What are some of the challenges of your job?
Dealing with personal issues of my students is always challenging. We all are different and I have to be wise whenever a difficult situation arises for one of my students. You always need to remember that being abroad could be difficult for some of them, and to remind them that you are there to help them no matter the nature of their problems

What have you seen as the biggest challenge for incoming students?
Perhaps the Costa Rican ways of doing things. At the beginning of the program learning about streets, addresses, directions could also be challenging. Depending on their Spanish level, this could be also a challenge. And of course, every students feels culture shock to a different degree.

What is your advice for students planning to attend your program, or to study abroad in your country?
I recommend this program for students that love to do outdoors activities; that rather prefer open air morning activities than going out at night. They have to be also ready for sunny hot days and rainy cloudy days, in our country this changes doesn’t depend on the seasons, it could change from one day to another, from one hour to next, hahaha.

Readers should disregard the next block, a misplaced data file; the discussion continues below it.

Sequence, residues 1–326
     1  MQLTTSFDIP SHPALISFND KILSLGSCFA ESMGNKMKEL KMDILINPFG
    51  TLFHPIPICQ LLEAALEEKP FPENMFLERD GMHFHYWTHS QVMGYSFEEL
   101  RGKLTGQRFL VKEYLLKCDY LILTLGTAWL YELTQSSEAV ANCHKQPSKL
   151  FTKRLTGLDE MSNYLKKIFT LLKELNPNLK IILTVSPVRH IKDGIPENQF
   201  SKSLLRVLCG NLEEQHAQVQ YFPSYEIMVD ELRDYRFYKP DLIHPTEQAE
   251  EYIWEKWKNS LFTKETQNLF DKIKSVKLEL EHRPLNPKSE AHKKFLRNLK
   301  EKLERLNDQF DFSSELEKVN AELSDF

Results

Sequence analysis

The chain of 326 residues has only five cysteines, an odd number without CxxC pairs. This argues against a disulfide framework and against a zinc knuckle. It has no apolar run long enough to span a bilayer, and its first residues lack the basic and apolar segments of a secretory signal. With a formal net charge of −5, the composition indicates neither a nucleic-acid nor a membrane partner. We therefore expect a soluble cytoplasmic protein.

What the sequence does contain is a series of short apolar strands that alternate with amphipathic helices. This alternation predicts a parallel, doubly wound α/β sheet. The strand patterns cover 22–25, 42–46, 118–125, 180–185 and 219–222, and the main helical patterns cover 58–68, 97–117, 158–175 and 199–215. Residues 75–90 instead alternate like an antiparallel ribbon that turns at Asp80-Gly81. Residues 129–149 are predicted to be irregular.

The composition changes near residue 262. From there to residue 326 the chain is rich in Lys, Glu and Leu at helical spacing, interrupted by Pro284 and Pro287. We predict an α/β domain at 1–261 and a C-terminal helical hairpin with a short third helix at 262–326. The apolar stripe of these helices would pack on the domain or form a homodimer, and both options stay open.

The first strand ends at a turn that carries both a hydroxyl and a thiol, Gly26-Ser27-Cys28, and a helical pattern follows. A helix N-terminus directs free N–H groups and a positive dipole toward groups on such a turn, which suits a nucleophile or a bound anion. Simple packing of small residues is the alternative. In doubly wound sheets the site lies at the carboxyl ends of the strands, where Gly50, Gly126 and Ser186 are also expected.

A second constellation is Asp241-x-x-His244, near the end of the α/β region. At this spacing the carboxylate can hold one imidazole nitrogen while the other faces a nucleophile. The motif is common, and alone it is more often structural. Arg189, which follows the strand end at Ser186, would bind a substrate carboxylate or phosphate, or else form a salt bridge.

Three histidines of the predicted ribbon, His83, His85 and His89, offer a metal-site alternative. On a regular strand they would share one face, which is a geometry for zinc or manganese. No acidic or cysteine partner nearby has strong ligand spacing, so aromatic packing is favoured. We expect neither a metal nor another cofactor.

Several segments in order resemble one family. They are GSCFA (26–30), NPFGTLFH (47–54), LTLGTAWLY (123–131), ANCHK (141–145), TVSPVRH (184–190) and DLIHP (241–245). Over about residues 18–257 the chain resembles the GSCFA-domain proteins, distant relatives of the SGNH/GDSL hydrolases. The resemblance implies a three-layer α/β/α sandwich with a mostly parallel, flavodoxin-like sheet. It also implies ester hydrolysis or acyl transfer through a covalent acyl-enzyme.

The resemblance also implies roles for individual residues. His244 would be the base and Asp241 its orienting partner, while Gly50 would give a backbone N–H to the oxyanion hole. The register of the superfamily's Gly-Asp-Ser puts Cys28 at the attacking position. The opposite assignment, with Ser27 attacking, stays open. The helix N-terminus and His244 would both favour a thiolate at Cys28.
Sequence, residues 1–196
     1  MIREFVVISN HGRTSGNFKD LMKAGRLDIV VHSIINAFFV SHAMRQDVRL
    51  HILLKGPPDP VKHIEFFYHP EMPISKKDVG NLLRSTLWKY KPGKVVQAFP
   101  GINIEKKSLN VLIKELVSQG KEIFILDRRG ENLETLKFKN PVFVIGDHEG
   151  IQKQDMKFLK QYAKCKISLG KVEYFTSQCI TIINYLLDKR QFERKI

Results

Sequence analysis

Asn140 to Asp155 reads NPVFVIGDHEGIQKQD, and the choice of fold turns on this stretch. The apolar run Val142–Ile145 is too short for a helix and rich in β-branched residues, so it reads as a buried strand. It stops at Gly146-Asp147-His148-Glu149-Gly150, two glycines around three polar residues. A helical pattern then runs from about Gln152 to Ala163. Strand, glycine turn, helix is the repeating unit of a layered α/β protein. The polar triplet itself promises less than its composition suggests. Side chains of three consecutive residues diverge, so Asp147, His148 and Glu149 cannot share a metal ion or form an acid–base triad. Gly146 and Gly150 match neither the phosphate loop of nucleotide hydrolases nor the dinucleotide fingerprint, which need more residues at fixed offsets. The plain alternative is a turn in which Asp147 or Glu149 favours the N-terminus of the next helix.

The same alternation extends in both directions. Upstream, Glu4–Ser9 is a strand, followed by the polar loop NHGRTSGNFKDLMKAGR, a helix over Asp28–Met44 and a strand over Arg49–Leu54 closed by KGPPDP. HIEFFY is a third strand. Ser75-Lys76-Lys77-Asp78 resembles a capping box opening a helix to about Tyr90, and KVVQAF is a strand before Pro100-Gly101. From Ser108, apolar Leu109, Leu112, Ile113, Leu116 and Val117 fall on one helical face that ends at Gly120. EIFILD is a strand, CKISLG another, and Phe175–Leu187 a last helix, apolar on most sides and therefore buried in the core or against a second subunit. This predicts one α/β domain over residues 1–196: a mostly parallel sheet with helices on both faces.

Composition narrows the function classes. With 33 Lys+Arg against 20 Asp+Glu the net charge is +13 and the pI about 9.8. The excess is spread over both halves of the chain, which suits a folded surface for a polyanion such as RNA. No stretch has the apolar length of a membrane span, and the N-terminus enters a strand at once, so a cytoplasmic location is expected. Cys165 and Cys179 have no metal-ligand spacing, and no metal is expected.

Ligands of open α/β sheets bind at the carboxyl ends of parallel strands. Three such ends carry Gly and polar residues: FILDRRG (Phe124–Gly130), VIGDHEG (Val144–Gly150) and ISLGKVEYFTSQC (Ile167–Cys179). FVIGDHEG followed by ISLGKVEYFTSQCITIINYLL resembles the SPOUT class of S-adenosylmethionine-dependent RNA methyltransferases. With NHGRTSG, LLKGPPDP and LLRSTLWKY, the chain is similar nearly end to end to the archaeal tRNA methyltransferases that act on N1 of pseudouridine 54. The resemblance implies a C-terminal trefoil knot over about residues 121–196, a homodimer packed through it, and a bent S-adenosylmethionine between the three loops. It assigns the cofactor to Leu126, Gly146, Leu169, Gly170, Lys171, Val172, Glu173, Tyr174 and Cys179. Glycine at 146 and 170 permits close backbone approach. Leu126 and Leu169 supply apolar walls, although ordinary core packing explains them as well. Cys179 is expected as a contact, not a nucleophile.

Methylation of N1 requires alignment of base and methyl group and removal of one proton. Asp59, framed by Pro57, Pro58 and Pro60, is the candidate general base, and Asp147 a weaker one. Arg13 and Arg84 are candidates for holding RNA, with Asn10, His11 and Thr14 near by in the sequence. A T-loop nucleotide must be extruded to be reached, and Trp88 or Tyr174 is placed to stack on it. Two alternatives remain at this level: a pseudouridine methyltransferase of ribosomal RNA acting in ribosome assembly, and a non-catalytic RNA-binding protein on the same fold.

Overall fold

Also it is important to come to the country with an open mind for social and cultural differences and to deal with a Central American society, where things may not be as structured as they are in the U.S. This could confuse you if you are not ready.

What is one thing you think students shouldn’t forget to pack for life in your country?
A baseball cap (hat) and umbrella!

What do you think is the most important take-away for education abroad students?
Humbleness. Once you see the world, once you go out of your small bubble, you realize how big the world is and little you are. How many lives there are, how many life histories, and how many people. You see how diverse and beautiful the world and people are. You start thinking less about yourself, but at the same time, you appreciate more what others do for you, and their friendship.

If you want to learn more about Esteban’s program, follow this link!

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The Best Time in Her Life: A Mother’s Perspective on Education Abroad

March 10th, 2015 · No Comments · College of Public Health and Human Sciences, IE3 Global Internships

Laurie Armatas has been a Registered Nurse at Good Samaritan Hospital in the labor and delivery department for 20 years. Her daughter, Hilary, is following in her footsteps in becoming a nurse. While majoring in Public Health at OSU, Hilary went on an IE3 Global Internship to Durban and Cape Town, South Africa, to be part of the Child and Family Health International program. In this entry, Laurie writes about how it felt to send her child to South Africa, and provides a mother’s perspective on education abroad.

Hilary in Cape Town, South Africa.